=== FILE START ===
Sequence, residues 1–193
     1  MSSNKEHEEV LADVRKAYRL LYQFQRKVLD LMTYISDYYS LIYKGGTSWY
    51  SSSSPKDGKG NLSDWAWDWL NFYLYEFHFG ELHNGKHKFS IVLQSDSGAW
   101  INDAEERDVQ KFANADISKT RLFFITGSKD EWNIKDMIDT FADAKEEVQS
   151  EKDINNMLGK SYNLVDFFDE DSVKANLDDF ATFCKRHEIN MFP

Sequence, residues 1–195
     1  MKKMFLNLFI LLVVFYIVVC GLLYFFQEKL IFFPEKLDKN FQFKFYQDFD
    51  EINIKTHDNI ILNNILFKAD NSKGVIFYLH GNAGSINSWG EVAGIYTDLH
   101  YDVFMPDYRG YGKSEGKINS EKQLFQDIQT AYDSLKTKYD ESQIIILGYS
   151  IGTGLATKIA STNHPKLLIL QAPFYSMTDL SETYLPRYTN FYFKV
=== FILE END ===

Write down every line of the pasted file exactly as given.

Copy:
Sequence, residues 1–193
     1  MSSNKEHEEV LADVRKAYRL LYQFQRKVLD LMTYISDYYS LIYKGGTSWY
    51  SSSSPKDGKG NLSDWAWDWL NFYLYEFHFG ELHNGKHKFS IVLQSDSGAW
   101  INDAEERDVQ KFANADISKT RLFFITGSKD EWNIKDMIDT FADAKEEVQS
   151  EKDINNMLGK SYNLVDFFDE DSVKANLDDF ATFCKRHEIN MFP

Sequence, residues 1–195
     1  MKKMFLNLFI LLVVFYIVVC GLLYFFQEKL IFFPEKLDKN FQFKFYQDFD
    51  EINIKTHDNI ILNNILFKAD NSKGVIFYLH GNAGSINSWG EVAGIYTDLH
   101  YDVFMPDYRG YGKSEGKINS EKQLFQDIQT AYDSLKTKYD ESQIIILGYS
   151  IGTGLATKIA STNHPKLLIL QAPFYSMTDL SETYLPRYTN FYFKV